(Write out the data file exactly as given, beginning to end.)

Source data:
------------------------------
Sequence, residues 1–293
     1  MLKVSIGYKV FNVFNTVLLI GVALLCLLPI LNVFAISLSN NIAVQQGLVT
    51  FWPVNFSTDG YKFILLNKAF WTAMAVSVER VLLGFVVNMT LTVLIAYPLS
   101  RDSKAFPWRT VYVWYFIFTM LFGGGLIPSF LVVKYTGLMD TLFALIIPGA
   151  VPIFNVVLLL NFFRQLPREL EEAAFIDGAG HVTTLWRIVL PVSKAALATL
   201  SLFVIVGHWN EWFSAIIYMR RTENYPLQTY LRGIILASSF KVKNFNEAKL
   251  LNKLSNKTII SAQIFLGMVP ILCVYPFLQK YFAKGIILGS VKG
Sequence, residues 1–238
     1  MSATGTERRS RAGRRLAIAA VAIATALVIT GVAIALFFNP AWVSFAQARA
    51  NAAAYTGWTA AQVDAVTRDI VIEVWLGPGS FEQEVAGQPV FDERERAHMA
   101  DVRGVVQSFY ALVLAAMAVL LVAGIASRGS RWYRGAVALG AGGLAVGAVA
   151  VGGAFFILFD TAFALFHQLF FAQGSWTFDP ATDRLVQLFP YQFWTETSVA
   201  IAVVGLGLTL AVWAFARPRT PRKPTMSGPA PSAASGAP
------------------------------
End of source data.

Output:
Sequence, residues 1–293
     1  MLKVSIGYKV FNVFNTVLLI GVALLCLLPI LNVFAISLSN NIAVQQGLVT
    51  FWPVNFSTDG YKFILLNKAF WTAMAVSVER VLLGFVVNMT LTVLIAYPLS
   101  RDSKAFPWRT VYVWYFIFTM LFGGGLIPSF LVVKYTGLMD TLFALIIPGA
   151  VPIFNVVLLL NFFRQLPREL EEAAFIDGAG HVTTLWRIVL PVSKAALATL
   201  SLFVIVGHWN EWFSAIIYMR RTENYPLQTY LRGIILASSF KVKNFNEAKL
   251  LNKLSNKTII SAQIFLGMVP ILCVYPFLQK YFAKGIILGS VKG
Sequence, residues 1–238
     1  MSATGTERRS RAGRRLAIAA VAIATALVIT GVAIALFFNP AWVSFAQARA
    51  NAAAYTGWTA AQVDAVTRDI VIEVWLGPGS FEQEVAGQPV FDERERAHMA
   101  DVRGVVQSFY ALVLAAMAVL LVAGIASRGS RWYRGAVALG AGGLAVGAVA
   151  VGGAFFILFD TAFALFHQLF FAQGSWTFDP ATDRLVQLFP YQFWTETSVA
   201  IAVVGLGLTL AVWAFARPRT PRKPTMSGPA PSAASGAP